When I finally arrived in Paris after zig-zagging across Germany I dropped my bags on the floor and collapsed into my bed. I let out a sigh of relief, I was finally home.
Then it hit me, home.
I’ve moved around a lot in the last ten years, and there is always an initial period of adjustment. Eventually, without even realizing it, your new place starts to feel like home. I no longer have to give myself a pep talk before leaving my flat, or tremble with fear before asking an attendant a question in French. In the last two weeks I’ve found myself comfortably settled into my new life in Paris.
My day starts with my regular morning routine; music, a little yoga, tea, some breakfast. At 8:30 I leave for two hours of French lessons. My class is exclusively Au Pairs, and just as in high school I enjoy being in a class with only women. Unlike high school, I have applied myself to my studies wholeheartedly. I do not let my mind wander, or doodle on unfinished homework. I do the most important thing you can do while trying to speak in a new language, I listen.
Listening is a skill that takes concentration and patience. Many times since I arrived in France, I’ve been grateful I learned to listen while studying theatre. The way I listen to a Shakespeare play is the way I listen to French. You’re not hearing normal dialogue, so the ear has to be especially tuned in. If you allow your ear to adjust, like your eyes eventually adjust to darkness, you begin to understand. You hear the patterns and the poetry, and it starts to unravel like a riddle. It’s ironic that the greatest English writer of all time is the one who gave me the tools to learn French.
After class I have a few hours to myself. Sometimes I visit a cafè with my classmates, sometimes meet a friend to explore a museum or park. In the afternoon, I pick up Petite Fille from school (a half hour walk each way). Next I fetch Petit Garçon from daycare, give him a bath and his dinner. I may see les filles off to their after-school activities. I make sure they have done their homework, taken their baths and that the house is tidy. Grande Fille is enthusiastically learning to play the ukulele, which is fun for both of us. There is no TV in my host family’s home, so we often play cards or a board game. When the parents come home we all eat dinner together.
On the weekends I have the freedom to explore the city. Going out on the weekends usually involves prinking* with the Au Pairs (*pre-gaming for the Americans). We drink cheap wine to avoid paying for overpriced cocktails when we go to the bars. Many of my friends live in the suburbs and are unable to return after the métro closes at midnight. Happily, I have a trundle-bed and can offer them a place to crash. We can fit up to four girls in my tiny studio comfortably, with two girls in each bed sleeping head to toe. Waking up late on Sunday morning surround by girls in last nights make up is the status quo.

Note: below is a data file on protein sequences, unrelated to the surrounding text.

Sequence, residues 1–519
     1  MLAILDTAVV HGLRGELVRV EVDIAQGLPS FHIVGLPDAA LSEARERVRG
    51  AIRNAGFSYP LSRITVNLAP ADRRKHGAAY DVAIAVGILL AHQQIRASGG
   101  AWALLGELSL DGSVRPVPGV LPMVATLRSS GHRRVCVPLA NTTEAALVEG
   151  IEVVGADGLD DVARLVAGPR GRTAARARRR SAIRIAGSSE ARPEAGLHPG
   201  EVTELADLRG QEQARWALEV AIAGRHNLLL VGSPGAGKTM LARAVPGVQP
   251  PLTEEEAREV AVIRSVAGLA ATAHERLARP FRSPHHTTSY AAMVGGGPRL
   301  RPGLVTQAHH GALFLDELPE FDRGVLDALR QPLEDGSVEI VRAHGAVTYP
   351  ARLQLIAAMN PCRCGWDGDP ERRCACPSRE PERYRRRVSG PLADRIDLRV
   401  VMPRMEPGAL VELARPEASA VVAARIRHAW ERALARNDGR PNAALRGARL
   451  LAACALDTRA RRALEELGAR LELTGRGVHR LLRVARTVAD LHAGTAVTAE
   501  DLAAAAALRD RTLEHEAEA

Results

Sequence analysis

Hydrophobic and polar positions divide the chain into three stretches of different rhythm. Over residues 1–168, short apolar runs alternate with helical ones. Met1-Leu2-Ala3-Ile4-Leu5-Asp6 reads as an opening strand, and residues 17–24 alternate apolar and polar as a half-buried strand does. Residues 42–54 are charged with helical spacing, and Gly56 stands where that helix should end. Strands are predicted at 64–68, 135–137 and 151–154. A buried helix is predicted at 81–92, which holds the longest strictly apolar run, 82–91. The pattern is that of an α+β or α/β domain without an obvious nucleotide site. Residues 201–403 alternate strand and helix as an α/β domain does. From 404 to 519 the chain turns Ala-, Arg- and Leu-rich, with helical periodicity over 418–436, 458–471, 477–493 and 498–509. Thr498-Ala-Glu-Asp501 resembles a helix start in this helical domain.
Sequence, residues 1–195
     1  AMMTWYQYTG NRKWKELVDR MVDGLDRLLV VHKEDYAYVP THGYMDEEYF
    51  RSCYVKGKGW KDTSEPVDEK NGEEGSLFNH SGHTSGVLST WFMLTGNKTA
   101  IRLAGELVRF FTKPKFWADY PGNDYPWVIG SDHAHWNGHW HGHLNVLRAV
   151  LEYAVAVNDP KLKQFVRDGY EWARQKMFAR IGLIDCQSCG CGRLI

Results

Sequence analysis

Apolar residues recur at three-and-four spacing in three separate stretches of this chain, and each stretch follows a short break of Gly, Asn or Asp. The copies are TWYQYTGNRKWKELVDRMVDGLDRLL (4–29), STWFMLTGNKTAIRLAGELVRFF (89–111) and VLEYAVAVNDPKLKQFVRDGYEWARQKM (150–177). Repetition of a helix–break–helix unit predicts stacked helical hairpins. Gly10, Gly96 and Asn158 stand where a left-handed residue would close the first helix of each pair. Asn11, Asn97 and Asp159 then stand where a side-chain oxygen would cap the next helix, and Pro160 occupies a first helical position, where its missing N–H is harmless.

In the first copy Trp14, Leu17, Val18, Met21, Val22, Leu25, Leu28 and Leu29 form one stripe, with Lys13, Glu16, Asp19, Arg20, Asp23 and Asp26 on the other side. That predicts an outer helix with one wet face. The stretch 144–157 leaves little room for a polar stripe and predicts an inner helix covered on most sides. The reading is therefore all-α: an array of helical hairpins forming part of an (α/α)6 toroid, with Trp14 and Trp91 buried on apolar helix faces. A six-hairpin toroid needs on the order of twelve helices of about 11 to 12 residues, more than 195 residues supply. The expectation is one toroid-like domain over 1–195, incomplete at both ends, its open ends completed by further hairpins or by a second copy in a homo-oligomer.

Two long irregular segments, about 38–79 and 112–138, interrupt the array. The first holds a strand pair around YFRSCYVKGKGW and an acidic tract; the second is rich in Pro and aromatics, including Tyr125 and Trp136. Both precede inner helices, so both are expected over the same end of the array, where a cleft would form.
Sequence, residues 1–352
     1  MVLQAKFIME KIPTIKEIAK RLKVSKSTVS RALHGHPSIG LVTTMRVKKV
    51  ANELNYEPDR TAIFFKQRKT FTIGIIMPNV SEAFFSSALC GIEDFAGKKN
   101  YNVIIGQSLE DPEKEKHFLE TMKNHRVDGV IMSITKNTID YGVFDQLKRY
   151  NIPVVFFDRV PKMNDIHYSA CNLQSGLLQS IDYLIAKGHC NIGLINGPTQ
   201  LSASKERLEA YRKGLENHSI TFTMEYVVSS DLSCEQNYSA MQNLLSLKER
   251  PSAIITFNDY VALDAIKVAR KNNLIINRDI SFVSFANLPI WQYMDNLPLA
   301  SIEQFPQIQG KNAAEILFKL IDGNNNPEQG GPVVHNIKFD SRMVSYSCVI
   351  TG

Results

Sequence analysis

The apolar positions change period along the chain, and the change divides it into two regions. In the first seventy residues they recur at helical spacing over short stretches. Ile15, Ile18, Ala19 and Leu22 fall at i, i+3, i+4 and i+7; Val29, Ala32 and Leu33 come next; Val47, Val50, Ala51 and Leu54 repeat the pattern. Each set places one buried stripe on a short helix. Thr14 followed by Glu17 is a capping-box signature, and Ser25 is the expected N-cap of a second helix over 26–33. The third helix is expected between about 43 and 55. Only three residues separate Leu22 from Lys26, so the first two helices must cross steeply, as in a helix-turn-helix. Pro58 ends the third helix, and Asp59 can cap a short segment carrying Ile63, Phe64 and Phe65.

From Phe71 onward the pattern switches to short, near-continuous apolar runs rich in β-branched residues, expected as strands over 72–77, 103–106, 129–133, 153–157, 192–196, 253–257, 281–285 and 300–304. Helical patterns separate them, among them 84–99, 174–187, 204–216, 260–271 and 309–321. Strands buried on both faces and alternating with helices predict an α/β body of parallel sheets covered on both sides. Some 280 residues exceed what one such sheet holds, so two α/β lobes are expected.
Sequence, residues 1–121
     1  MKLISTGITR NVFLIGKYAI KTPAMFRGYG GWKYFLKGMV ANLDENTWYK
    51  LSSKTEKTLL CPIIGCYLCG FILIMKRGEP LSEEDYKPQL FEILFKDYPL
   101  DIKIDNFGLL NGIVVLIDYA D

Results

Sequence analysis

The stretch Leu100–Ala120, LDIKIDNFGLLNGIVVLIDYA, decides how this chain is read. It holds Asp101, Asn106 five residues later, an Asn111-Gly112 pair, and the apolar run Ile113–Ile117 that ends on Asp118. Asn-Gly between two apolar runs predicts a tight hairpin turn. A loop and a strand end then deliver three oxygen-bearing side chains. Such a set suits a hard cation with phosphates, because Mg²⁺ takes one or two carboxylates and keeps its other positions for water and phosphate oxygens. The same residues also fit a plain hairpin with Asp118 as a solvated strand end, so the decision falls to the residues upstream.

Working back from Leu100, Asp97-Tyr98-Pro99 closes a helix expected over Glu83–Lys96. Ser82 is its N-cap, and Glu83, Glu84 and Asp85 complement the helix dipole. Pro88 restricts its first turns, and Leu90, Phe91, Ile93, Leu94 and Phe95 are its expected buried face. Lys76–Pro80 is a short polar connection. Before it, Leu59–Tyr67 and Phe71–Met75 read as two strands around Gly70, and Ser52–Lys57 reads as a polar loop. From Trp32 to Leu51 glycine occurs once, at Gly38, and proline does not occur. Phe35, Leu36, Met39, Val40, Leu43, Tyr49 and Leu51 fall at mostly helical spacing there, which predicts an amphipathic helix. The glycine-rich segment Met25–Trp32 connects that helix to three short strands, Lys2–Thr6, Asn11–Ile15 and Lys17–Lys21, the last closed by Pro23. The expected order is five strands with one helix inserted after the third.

The biggest adjustment, other than the language, is acclimatizing myself to my new financial circumstances. As an Au Pair room and board is provided for me, as well as a small amount of weekly pocket-money. My arrangement is standard, even generous considering I have my own flat, but there is very little money for entertainment. Paris is a city of overwhelming wealth and desperate poverty. Whenever I feel frustrated that I can’t eat in restaurants or buy new clothes, I remind myself how fortunate I am. I adore my host-family, I have my own centrally located flat, and my school is a short walk away. For me, this experience isn’t about fashionable clothes or chic restaurants. It’s about skills I am gaining and memories I am making.
Already I’ve collected stories I’ll tell the rest of my life; sleeping outside the Grand Palais, getting stranded in Germany, riding a donkey and catching frogs in Normandy. It’s the small things, however, that make up my happy life in Paris. Its the sound of my heels striking cobblestones at midnight. It’s the way chimney stacks are arranged as if huddle together for warmth. Its having a whole conversation in French without even realizing it. As cliché as it sounds, its standing in line at the boulangerie every day for my family’s bread, or sipping wine next to the Seine. My tolerance for both wine and rats has increased immensely.
It’s not that there aren’t hard days. I miss my family, I miss the familiarity of hearing English. Paris is a just a city, not a fairytale kingdom. The days are getting shorter and colder. There are still long hours to work and bills to pay. I need a haircut that I can barely afford. Despite these facts, the reality of Paris is far better than any daydream I had before I came. It’s not one particular thing, it’s that life in Paris is becoming my life in Paris.